The Asset Management Unit, which was comprised of the Bank's interests in BAM Brazil, BCG, BLX Brazil Ltd. And Bladex Asset Management was responsible for the Bank's asset management activities, including its investments in the Investment Funds. The Asset Management Unit has been reported as a discontinued operation as of December 31, 2012, following the Bank's decision to divest the operations of this Unit in the fourth quarter of 2012. A definitive agreement to sell the Asset Management Unit was announced on April 2, 2013.
How does Bladex obtain its funding?
The Bank's principal sources of funds are deposits, borrowed funds and floating and fixed rate placements. While these sources are expected to continue providing the majority of the funds required by the Bank in the future, the exact composition of the Bank’s funding sources, as well as the possible use of other sources of funds, will depend upon future economic and market conditions.
How does Bladex manage its liquidity?
For Bladex, effective liquidity management is a top priority. Bladex’s liquid assets are mainly held in the form of interbank placements with reputable banks from OECD countries that have been assigned either A1, P1, or F1 ratings from two of the major internationally recognized rating agencies. Most of those banks with which Bladex places its liquidity are located outside of Latin America.
The Bank’s liquidity policy also allows for investing short-term liquid funds in negotiable money market instruments, including certificates of deposit, commercial paper, banker's acceptances, and other liquid instruments, with maturities of up to three years. These instruments must be of investment grade quality (rating of 'A' or better), and must demonstrate high levels of liquidity in the secondary market.
The Bank continually monitors its liquidity position, and the market factors that could affect that position, during the course of each business day. Bladex applies a set of limits, approved by the Board of Directors, to restrict its overall liquidity risk. Specific limits have been established to control cumulative maturity “gaps” between assets and liabilities, for each maturity classification presented in the Bank’s internal liquidity reports. Maturity concentrations are also controlled through the application a customized version of Basel III's Net Stable Funding Ratio (NSFR) methodology. The Bank determines the minimum amount of liquidity to be maintained at the end of each day in function of a customized version of Basel III's Liquidity Coverage Ratio (LCR) methodology.
As a precautionary measure, since the onset of the global financial crisis in September 2008, the Bank has consistently maintained a cash position well in excess of the minimum required. In the wake of the international liquidity crisis of late 2008, the Bank also fully revised its Contingent Liquidity Policy in light of new international standards and best practice.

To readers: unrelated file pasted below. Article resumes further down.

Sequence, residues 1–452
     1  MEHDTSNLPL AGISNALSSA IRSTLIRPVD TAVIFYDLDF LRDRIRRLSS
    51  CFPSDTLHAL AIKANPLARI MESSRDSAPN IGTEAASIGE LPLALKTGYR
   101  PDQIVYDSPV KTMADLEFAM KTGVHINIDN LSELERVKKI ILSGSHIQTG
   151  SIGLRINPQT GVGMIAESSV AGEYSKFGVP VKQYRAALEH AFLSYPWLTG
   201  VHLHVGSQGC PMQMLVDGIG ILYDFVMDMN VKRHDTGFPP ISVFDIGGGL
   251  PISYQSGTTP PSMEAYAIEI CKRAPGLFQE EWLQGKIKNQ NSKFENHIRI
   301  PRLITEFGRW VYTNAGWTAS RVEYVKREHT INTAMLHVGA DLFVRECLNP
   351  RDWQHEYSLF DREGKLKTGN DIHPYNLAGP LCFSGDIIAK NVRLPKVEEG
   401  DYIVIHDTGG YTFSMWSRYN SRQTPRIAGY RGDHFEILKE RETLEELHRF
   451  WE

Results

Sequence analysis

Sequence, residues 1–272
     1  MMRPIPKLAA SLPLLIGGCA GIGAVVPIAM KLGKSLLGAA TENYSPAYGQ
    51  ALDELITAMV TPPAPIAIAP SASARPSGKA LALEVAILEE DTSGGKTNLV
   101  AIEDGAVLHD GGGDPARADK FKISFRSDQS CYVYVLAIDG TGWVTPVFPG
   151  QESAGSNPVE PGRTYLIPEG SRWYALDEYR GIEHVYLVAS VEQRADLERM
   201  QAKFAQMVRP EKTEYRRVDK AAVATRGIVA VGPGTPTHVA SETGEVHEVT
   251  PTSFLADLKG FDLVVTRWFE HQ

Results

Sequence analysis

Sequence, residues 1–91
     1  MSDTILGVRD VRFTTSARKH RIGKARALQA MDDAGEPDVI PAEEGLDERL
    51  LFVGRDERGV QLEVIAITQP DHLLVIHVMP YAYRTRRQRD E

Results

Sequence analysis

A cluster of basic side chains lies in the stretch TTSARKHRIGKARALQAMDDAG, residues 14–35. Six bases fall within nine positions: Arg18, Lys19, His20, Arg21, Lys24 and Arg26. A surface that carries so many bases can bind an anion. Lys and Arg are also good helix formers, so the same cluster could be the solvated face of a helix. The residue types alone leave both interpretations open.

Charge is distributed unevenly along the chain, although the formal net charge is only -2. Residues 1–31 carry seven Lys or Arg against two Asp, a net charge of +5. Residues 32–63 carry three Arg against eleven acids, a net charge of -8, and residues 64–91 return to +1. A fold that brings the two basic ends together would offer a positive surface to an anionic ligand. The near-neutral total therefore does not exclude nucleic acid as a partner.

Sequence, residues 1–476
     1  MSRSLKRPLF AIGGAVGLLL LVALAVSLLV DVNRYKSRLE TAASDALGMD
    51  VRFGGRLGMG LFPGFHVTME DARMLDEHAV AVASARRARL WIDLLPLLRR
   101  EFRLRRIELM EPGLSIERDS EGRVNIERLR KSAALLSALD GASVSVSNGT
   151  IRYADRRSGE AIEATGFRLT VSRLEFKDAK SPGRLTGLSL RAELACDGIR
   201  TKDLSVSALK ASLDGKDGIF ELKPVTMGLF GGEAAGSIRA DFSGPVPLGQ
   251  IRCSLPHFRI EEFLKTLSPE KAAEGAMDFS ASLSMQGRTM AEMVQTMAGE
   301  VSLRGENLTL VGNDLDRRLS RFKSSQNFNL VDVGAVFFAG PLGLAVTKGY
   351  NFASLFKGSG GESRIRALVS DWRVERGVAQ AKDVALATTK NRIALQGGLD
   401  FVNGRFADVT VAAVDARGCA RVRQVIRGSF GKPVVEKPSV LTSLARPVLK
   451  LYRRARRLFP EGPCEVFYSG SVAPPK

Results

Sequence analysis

What is Bladex´s value proposition to shareholders and investors?
As a well-recognized market leader in the Latin-American foreign commerce space, Bladex provides a unique window into the entire Latin-American Region by virtue of doing business in nearly all its countries. Its risk profile is well balanced, with a focus on trade finance, a low risk asset class, and with the vast majority of its exposures concentrated in investment-grade countries. Bladex conducts its business on the long-held basis of professional expertise and financial solidity, catering to reputable market participants. These elements, together with an attractive valuation, sustained business growth and profitability, and an attractive dividend yield make BLX a compelling investment.
What is Bladex’s dividend policy?
On a quarterly basis, Bladex’s Board of Director declares and pays dividends to its common stockholders. During 2012, the Bank paid a total of $1.10 in common dividends.
Where are Bladex’s shares traded, and what is the ticker symbol?
Bladex shares are directly listed on The New York Stock Exchange under the ticker symbol BLX.
How many shares does Bladex have outstanding?
As of March 31, 2013, there were 38,402,010.59 issued and outstanding common shares.
How do I purchase Bladex stock?
If you are not a registered shareholder, you must purchase shares of Bladex stock through a stock broker or investment advisor. If you wish to hold your shares in registered form, you must notify the broker to arrange the issuance of your shares. Many brokers charge a fee for this service.
How do I contact Bladex’s investor relation department?
Christopher Schech, Executive Vice President - Chief Financial Officer
Ana María Chiquilani de Sosa
Assistant Vice President - Regulatory Reporting & Investor Relations
Luisa de Polo,
Manager - Shareholder Relations